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Cafe Metropole

From Wikipedia, the free encyclopedia

Cafe Metropole
Theatrical release poster
Directed byEdward H. Griffith
Screenplay byJacques Deval
Story byGregory Ratoff
Produced byDarryl F. Zanuck
Nunnally Johnson
StarringLoretta Young
Tyrone Power
Adolphe Menjou
CinematographyLucien N. Andriot
Edited byIrene Morra
Music byDavid Buttolph
Cyril J. Mockridge
Distributed byTwentieth Century Fox
Release date
  • May 7, 1937 (1937-05-07)
Running time
83 minutes
CountryUnited States

Cafe Metropole is a 1937 American romantic comedy film directed by Edward H. Griffith and starring Loretta Young, Tyrone Power and Adolphe Menjou. It was produced and distributed by 20th Century Fox. The screenplay was based on an original story by Gregory Ratoff who also appears in the film. It is part of the tradition of screwball comedies which was at their height during the decade. It was commercially successful on its release.[1]

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In Paris in 1937, Victor Lobard owns the very exclusive Café Metropole. One night, he must expel drunk American Alexander Brown after closing time. He is then visited by Maxl Schinner, who had lent Victor 900,000 francs (which he embezzled), and Victor has repaid nothing. Victor asks for another 60,000 francs and promises to repay everything at 6:00 the next evening. Maxl gives him the money.

Victor risks the 60,000 francs at baccarat and wins 420,000 more. Alexander wagers the full amount against him, but loses. Victor seemingly has the money he needs, but then Brown confesses that he is penniless. Victor makes a deal with Alexander, convincing him to impersonate Russian nobleman Prince Alexis Paneiev and to romance heiress Laura Ridgeway, the daughter of Victor's old friend, so that Victor can have access to the girl's money.

Alexis arrives early at the café and visits the Metropole's flower shop for a boutonnière. There he is mistaken by Laura for an employee, and Alexis is enchanted, without knowing whom she is. When Laura joins her father at their table, she asks Victor to attract some celebrities or royalty. Alexis enters and is greeted by Victor as "your highness," embarrassing Laura. Alexis dances with Laura but is summoned by a waiter to answer a telephone call. However, there is no call; the waiter is the real Alexis Paneiev. Victor manages to soothe his outraged honor and obtain his silence for 50,000 francs.

Alexander falls in love with Laura, but he cannot bear to lie to her any longer. He tries and fails to discourage her love for him without revealing the sordid details. He tells Victor that he will tell her the truth, but when she telephones and asks him to marry her, he at last says yes. Victor has his lawyer, Monnet, present Alexander with a contract asking for money from Laura's father, Joseph Ridgeway: half a million dollars before the wedding, and the same amount after, as well as various sums for any children. This so disgusts Alexander that he tells Victor that he is through with the scheme. Victor, after trying to bluff him into submission, pretends to give up and gives him back his passport and his bad check. Then Victor tells Ridgeway that Alexis is a fraud. He cons Ridgeway into believing he bought Alexis off; Ridgeway writes him a check for a million francs to help with the costs.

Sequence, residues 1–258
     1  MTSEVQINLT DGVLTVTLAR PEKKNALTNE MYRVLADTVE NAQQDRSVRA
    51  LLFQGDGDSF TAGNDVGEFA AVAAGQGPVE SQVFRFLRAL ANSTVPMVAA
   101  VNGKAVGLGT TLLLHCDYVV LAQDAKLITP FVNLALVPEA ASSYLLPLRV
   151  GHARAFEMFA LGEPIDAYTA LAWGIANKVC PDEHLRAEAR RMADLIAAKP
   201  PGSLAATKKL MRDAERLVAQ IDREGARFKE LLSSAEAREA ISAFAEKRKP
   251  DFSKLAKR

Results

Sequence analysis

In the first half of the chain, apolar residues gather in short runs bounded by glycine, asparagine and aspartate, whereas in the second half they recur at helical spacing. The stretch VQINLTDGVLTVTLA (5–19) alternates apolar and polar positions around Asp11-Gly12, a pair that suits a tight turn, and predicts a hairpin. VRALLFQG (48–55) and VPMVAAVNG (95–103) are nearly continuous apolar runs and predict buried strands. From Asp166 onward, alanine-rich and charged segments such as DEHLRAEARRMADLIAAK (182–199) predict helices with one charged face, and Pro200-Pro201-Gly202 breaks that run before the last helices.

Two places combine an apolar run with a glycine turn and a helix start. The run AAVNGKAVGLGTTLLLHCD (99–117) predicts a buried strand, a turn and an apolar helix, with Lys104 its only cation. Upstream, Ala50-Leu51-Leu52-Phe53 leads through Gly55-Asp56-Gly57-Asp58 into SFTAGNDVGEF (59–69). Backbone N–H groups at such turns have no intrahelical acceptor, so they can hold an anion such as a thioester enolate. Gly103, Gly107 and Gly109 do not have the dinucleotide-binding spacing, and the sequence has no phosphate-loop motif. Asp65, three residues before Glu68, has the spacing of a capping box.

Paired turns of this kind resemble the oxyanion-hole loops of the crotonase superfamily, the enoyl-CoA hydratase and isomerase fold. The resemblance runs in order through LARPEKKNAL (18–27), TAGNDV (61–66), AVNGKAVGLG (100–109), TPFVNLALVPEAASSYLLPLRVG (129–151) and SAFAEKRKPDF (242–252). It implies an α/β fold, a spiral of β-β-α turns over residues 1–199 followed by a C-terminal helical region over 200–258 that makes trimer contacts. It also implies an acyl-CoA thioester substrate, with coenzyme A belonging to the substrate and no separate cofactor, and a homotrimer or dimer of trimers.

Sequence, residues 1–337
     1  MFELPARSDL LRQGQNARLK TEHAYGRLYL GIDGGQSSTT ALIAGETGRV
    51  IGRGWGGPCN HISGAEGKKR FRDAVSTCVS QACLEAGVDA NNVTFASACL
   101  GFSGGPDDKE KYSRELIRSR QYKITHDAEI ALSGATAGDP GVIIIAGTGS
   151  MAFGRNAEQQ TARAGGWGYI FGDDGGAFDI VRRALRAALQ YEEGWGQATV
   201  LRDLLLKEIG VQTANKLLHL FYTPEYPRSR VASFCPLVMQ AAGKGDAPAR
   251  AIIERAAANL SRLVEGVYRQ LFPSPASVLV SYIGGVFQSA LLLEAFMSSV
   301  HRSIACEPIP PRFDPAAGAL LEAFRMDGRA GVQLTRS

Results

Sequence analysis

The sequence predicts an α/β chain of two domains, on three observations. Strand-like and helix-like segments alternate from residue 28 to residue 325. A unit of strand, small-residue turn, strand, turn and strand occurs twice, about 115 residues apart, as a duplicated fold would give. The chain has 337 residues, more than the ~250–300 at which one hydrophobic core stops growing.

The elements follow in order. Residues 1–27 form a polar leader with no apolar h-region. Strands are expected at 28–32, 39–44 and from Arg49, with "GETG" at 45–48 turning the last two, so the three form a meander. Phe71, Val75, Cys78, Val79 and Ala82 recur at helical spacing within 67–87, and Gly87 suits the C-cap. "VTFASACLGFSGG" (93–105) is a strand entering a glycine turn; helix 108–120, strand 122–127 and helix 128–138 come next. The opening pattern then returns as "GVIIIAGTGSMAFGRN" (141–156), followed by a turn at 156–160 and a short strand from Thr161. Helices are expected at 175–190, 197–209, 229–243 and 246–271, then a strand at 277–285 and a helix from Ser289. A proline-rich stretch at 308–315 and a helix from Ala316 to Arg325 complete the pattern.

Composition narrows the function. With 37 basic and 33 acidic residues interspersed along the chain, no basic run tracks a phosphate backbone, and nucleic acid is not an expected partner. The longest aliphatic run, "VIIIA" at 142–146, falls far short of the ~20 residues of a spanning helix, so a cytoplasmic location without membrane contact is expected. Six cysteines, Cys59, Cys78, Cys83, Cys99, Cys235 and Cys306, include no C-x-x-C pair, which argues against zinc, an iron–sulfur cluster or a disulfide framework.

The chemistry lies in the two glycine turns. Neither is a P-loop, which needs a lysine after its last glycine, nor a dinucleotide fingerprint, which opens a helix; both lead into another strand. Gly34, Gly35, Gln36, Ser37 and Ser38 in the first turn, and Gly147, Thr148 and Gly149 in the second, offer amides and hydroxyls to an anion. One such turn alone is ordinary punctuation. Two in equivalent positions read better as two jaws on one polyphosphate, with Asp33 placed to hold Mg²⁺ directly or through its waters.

Ridgeway tells Laura the news, but she surprises him by saying she knew all along. However, when he states that he bought Alexis off, Laura does not believe him. She is certain that Alexis is in trouble and insists on finding out what is going on.

Ridgeway asks the Sûreté to arrest Alexis. Instead, they jail the genuine prince. When Laura goes to the jail to see her Alexis, she is surprised to find an older man, who reveals that Victor is involved somehow. As Laura is leaving, she finds Alexander being charged with fraud. Joseph Ridgeway is arrested on the false charge that he was impersonating himself. They realize that they have all been played by Victor. They get out of jail and go back to the Café Metropole. Alexander and Laura, who are going to get married, get back the check that Alexander wrote, so he is no longer in danger of going to jail.

Loretta Young
Tyrone Power



In a contemporary review for The New York Times, critic Frank S. Nugent wrote: "[I]ts plot has a warmed-over look about it and bulks no larger than Tyrone Power's chance of winning an academy award. Yet, it comes pleasantly seasoned with comedy and it has been served with a modest flourish or two ..."[2]

Chicago Tribune critic Mae Tinée praised Cafe Metropole: "Sparkle, zest, and a cunning touch to this scenario ... Direction was excellent and the film is beautifully put on. Not a dull moment in 'Café Metropole'—you have my word for it."[3]

Writing in Night and Day in 1937, Graham Greene compared the film to "a plain, honest, inexpressibly dull guest at a light and loony party."[4]


  1. ^ Halbout p.9
  2. ^ Nugent, Frank (1937-04-29). "The Screen". The New York Times. p. 17.
  3. ^ Tinee, Mae (8 May 1937). "A Smart Cast Puts Sparkle in Clever Movie: You Won't Be Bored at 'Cafe Metropole". Chicago Daily Tribune. p. 19. ProQuest 181843341.
  4. ^ Greene, Graham (30 September 1937). "Knight Without Armour/Café Metropole". Night and Day. Reprinted in: Greene, Graham (1980). Taylor, John Russell (ed.). The Pleasure-dome: The Collected Film Criticism, 1935-40. Oxford University Press. pp. 171–172. ISBN 978-0-19-281286-5.


  • Halbout, Grégoire. Hollywood Screwball Comedy 1934-1945: Sex, Love, and Democratic Ideals. Bloomsbury Publishing, 2022.

External links

This page was last edited on 11 October 2023, at 02:20
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